Pueblo loses friend to all, restaurateur

The Pueblo Chieftain

Bob Pagano was the best of caretakers to family, friends, employees and church, an extraordinary cook, prankster and relentless gadget collector.

That's how his wife Karen, mother Mary Jo Pagano, sisters Kathy and Jonna Pagano and sons Justin, 19, and Andrew, 11, remembered the North Side restaurateur on Wednesday.

Pagano, who together with his wife and sisters ran the Pass Key 50 West restaurant on U.S. 50 West, died Monday from complications during surgery at a local hospital. He was 45.

A Pueblo native, Pagano graduated from South High School in 1975.

"If you knew him once, you were his friend. He was so generous to people, always wanting to talk to people," Kathy Pagano said of her brother's friendliness. "Even in the middle of lunch (rush), if somebody saw him in the kitchen and started talking to him, he'd stop cooking, come out of the kitchen, start talking to them and shake their hands."

The Paganos say Bob always took employees under his wing, viewing them like family rather than hired help. Older folks, too, were among his favorite people.

In turn, Jonna Pagano said, senior citizens often stopped by the restaurant to give Bob pies.

"They'd never bring us girls anything, but they'd bring him pies," she said.

The Paganos are part of the local restaurant legend that began frying up Pass Key sausage grinders about 53 years ago and today has grown to run five restaurants in Pueblo, Pueblo West and Colorado Springs.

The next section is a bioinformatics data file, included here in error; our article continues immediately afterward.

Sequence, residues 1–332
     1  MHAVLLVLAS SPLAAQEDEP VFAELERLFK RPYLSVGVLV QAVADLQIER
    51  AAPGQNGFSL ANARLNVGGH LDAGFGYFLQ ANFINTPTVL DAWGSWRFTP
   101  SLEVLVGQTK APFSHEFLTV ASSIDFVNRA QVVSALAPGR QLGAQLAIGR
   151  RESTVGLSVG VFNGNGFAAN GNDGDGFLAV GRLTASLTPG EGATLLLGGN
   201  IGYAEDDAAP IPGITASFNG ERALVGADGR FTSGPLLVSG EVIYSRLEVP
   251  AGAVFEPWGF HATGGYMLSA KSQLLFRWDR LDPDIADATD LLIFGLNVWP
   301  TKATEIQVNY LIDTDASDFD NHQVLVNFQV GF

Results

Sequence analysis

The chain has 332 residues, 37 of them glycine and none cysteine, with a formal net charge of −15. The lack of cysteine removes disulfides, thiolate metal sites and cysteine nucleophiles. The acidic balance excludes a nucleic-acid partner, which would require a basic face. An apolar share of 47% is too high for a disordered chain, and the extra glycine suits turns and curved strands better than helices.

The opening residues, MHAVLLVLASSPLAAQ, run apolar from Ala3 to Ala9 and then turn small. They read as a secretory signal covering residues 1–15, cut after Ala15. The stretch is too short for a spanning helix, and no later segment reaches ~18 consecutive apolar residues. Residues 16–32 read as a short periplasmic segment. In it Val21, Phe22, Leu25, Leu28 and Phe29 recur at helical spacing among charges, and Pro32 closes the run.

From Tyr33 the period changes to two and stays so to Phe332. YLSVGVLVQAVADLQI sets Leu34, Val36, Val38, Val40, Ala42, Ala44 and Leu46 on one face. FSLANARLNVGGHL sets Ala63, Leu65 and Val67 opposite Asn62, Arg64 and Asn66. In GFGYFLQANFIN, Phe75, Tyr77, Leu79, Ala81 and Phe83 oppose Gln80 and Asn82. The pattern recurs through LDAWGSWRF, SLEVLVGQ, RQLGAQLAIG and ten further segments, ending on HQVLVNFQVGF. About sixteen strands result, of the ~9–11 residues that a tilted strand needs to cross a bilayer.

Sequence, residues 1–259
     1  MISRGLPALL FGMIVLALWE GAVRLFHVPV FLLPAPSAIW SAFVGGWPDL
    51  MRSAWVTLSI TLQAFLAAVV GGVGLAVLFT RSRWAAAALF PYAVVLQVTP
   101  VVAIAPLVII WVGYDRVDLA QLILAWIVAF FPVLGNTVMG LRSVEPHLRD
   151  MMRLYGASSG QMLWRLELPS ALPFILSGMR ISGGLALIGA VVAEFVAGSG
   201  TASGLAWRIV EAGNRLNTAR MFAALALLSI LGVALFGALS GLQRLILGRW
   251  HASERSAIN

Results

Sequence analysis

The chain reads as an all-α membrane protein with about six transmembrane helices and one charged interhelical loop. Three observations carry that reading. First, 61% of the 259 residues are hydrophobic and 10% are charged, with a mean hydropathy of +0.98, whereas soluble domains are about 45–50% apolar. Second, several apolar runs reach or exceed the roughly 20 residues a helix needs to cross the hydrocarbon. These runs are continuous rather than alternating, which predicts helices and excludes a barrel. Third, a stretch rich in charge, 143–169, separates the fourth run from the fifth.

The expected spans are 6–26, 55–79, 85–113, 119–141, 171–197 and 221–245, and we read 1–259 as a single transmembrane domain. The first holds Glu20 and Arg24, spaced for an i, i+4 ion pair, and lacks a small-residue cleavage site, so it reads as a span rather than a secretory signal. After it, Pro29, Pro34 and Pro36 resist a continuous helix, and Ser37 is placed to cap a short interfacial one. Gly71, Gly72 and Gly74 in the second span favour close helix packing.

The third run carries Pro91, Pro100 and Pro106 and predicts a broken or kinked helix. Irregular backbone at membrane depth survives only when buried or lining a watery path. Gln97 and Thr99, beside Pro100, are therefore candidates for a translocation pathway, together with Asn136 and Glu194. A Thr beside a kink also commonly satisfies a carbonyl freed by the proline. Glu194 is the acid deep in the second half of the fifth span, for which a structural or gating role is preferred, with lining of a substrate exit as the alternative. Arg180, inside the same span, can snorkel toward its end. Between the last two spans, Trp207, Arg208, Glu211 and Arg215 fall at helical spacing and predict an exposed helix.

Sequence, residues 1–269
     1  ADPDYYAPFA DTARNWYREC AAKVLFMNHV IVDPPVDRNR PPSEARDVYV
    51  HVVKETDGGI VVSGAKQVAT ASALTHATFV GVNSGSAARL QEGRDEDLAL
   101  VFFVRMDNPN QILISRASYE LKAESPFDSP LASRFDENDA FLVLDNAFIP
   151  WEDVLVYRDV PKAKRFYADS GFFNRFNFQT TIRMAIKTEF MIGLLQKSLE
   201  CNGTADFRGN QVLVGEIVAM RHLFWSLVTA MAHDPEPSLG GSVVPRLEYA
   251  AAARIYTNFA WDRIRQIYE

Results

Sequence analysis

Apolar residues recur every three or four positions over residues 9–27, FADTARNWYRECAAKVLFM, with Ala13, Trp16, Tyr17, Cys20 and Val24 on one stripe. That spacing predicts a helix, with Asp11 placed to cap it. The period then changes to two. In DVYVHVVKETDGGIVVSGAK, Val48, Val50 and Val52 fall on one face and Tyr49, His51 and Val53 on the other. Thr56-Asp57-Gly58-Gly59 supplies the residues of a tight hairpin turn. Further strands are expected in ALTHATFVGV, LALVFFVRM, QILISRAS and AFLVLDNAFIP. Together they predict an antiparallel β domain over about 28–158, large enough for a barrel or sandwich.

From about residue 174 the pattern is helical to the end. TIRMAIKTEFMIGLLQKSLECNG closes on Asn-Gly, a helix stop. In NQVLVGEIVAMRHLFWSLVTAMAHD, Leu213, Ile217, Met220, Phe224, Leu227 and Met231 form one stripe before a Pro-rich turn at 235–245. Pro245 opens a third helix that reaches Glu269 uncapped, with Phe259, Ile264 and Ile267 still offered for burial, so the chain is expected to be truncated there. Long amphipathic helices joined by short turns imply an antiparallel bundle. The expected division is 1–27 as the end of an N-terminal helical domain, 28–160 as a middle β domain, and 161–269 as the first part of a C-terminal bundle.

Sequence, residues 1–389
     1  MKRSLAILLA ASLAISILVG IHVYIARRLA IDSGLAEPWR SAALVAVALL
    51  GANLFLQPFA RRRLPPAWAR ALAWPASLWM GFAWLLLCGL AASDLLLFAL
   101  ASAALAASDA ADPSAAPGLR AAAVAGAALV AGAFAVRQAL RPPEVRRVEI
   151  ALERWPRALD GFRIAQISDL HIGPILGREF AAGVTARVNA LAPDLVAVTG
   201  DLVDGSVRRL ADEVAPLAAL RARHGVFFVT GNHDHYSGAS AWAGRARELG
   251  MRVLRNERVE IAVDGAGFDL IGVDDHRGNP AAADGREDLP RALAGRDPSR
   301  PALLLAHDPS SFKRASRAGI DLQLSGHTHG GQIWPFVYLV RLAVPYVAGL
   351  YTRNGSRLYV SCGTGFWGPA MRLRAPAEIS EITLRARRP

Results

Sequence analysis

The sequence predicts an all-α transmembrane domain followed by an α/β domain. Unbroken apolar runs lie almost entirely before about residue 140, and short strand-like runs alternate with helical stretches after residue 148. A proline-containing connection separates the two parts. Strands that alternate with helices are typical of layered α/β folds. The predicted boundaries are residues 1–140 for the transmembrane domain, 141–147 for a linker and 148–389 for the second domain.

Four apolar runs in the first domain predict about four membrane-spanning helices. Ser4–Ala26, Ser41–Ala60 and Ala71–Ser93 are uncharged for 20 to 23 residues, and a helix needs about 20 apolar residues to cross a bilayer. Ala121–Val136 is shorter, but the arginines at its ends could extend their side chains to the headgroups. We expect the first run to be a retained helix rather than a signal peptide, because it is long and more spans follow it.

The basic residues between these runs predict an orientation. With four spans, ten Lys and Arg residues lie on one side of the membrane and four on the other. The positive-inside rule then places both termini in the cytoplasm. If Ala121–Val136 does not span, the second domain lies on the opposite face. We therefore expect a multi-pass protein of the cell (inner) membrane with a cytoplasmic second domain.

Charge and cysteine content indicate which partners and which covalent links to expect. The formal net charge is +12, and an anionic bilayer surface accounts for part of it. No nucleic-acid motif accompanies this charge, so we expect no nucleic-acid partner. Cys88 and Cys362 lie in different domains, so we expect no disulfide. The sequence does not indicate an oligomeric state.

Kathy Pagano said she, Bob and her sisters started in the business when they were "10 years old, peeling potatoes in the basement."

Bob's love of cooking and barbecuing only grew stronger, the Paganos said, and that meant his weekends often involved grilling for family cookouts and church dinners and using his grandmother's recipe to perfect the restaurant's spaghetti sauce and meatballs.

He and his wife also ran a side business, Pass Key On The Go, at venues like the Colorado State Fair and Pueblo Motorsports Park.

Bob's sons, Justin and Andrew, said they'll remember their father's pranks, his desire to own the newest technology, making his family a priority and living life to the fullest.

"He had the smallest DVD (digital video disc) player I've ever seen in my life," said Justin.

Mrs. Pagano said her son was remarkable because he always showed her that he enjoyed her company.

"He was always wonderful, very considerate, especially of his mom, always calling," she said.

Pagano's other survivors include his father, John Pagano, and children, 17-year-old Brian and 8-year-old Candice.

Services are set for 10 a.m. Saturday at the Shrine of St. Therese, 300 Goodnight Ave.